Confront Poverty to Improve Education


Confront Poverty to Improve Education

Oregon’s path to achieving excellence in education just got steeper.

Confront Poverty to Improve Education

Oregon’s path to achieving excellence in education just got steeper.

No, this development has nothing to do with Oregon’s recent decision to seek a waiver of the No Child Left Behind federal law, which itself may be a good move. Indeed, it has nothing to do with testing, teachers or even schools.

Rather, the pall over education was the news that Oregon’s child poverty rate increased again last year, with more than one in five kids in the state living in poverty. For until Oregon makes sustained progress in eradicating poverty, excellence in education will remain out of reach.

It’s no secret that children who grow up in poverty face serious obstacles to learning. Compared to better-off children, poor kids are more likely to be exposed to pollution, toxins, noise and crime. They are more likely to experience family instability and separation, as well as hunger and violence.

Such conditions produce chronic levels of stress, impairing children’s cognitive abilities. And research in the field of neurobiology indicates that poverty early in life harms a child’s brain development.

Not surprisingly, children who grow up in poverty lag in their educational achievement compared to better-off kids.

“Fifty years of social science research has confirmed, over and over again, that the best predictor of student achievement is not teacher quality or any other school influence, but the social and economic circumstances of the children,” says Richard Rothstein, a research associate with the Economic Policy Institute and former national education columnist of The New York Times.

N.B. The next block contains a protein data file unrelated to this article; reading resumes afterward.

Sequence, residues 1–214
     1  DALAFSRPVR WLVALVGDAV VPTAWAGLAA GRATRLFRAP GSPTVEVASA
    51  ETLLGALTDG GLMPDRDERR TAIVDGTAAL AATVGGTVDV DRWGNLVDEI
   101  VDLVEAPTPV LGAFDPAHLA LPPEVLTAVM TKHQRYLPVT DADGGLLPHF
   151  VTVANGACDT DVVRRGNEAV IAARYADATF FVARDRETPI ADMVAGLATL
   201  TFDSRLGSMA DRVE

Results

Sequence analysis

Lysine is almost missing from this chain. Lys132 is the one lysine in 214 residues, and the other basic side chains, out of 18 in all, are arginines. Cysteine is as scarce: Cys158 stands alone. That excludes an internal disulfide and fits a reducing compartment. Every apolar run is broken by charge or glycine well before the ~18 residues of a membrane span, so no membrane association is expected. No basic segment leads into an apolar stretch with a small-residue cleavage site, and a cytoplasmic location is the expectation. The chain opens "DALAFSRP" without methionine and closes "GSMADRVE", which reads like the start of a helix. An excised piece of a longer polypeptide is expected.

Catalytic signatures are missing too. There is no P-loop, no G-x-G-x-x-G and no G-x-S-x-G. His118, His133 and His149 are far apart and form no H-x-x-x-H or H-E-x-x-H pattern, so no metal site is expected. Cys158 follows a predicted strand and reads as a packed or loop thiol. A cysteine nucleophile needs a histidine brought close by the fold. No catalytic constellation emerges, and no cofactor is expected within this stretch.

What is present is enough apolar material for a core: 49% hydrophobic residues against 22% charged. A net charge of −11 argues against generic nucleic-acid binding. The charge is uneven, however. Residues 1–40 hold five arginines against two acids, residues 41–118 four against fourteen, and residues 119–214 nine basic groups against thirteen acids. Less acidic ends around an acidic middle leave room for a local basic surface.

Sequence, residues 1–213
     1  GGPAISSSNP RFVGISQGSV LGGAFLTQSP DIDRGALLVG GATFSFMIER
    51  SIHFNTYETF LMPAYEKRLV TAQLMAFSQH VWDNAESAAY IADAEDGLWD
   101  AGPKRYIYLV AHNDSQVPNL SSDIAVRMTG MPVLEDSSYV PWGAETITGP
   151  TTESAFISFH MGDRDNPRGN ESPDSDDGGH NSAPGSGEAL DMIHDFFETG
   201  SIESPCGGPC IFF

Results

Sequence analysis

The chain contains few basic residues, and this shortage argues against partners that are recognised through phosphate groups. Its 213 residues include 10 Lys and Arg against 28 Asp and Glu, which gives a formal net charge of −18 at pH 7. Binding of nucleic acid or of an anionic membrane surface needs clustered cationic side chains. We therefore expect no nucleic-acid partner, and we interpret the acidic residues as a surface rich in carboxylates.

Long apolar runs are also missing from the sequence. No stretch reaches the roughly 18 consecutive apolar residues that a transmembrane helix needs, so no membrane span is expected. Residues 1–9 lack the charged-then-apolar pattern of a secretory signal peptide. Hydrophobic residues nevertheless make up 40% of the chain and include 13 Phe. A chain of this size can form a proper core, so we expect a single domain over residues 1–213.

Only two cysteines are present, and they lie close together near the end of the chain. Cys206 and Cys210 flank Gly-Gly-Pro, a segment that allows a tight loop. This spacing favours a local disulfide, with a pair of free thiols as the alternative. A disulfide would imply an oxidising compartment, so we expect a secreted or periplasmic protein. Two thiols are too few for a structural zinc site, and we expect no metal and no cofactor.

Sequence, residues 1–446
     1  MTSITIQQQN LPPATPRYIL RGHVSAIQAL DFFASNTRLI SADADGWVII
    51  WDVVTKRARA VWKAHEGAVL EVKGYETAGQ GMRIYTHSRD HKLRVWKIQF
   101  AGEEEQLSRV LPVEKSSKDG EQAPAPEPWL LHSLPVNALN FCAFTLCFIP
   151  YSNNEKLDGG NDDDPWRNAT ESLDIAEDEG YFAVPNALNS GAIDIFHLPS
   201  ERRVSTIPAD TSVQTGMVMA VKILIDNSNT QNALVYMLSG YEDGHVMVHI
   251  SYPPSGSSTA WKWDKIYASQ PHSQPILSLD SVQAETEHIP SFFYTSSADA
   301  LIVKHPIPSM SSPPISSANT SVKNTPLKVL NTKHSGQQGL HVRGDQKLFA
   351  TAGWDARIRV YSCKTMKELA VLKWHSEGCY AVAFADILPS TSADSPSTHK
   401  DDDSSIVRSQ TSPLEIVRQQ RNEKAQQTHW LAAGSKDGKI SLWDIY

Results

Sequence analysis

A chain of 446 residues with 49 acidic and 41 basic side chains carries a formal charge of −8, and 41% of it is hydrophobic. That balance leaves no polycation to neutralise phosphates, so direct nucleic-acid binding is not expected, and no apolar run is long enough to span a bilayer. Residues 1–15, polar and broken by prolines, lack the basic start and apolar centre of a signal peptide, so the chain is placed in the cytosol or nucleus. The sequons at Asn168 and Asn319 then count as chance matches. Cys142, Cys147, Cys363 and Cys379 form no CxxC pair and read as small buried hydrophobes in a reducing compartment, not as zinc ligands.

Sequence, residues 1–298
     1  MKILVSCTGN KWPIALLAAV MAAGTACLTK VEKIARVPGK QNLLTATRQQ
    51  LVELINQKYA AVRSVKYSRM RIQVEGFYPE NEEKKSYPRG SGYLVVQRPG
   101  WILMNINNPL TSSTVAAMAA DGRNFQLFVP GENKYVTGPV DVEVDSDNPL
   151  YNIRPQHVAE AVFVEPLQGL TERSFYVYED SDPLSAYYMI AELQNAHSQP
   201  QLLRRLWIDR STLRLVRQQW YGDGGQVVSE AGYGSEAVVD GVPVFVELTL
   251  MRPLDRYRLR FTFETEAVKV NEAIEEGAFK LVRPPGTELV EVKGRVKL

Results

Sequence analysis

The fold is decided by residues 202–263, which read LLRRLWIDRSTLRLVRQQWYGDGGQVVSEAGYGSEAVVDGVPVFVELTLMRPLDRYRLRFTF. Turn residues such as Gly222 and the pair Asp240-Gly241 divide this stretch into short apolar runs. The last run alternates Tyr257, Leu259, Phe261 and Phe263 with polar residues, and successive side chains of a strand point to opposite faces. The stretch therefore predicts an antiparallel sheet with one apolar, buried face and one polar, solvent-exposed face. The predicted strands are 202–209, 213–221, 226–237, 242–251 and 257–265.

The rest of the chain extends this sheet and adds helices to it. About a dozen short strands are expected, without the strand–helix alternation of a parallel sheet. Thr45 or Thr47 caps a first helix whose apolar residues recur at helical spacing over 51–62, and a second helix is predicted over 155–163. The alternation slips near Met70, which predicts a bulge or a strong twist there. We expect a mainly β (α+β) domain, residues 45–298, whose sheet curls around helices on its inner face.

Rothstein’s point echoes a January 2011 report by Gov. John Kitzhaber’s Early Childhood and Family Investment Transition Team, which noted that factors such as poverty and family instability “have an almost linear correlation with school failure, school dropout, substance abuse, social dependency and involvement in the criminal justice system.”

Unfortunately, poverty reduction has not found its way onto the Governor’s education agenda. In a speech in September, Governor Kitzhaber set the bar at 100 percent of children graduating from high school and 80 percent of students moving on to secondary education or training. While acknowledging the detrimental impact that poverty has on children’s learning, the approach he articulated focuses on “outcomes and proficiency,” not on removing the economic factors that undermine educational achievement.

The talk of an “outcomes-based” approach to education reform tracks the language of a July 2011 report by the Governor’s Oregon Education Investment Team.

The outcomes-based approach seems flawed on several grounds, but none more glaring than the assumption that education reform can succeed without a plan to reduce poverty. No viable “transformation” of the education system is possible when the number of poor children continues to grow.

To reach his education goals, the Governor must confront poverty. Long ignored by lawmakers and governors, years ago our state legislature established in law “a state goal to eliminate or alleviate the causes and conditions of poverty.” Gov. Kitzhaber should embrace that goal, develop a plan to accomplish it, assign someone in state government the responsibility for implementing it and hold that person accountable.

An effective poverty-reduction plan would include, at a minimum, boosting the Oregon Earned Income Tax Credit, restoring the cuts to — and strengthening — the Job Opportunity and Basic Skills (JOBS) program for very low-income households with dependent children, improving access to subsidized day care for low-wage workers, investing in affordable housing for low-income households, and enhancing job and skills training for low-income workers in our workforce development system.

There are many good economic and moral reasons to mount an all-out effort against poverty, especially child poverty. Add to that list making strides toward excellence in education.

Picture of Juan Carlos Ordóñez

Juan Carlos Ordóñez

Juan Carlos is the Oregon Center for Public Policy's Communications Director

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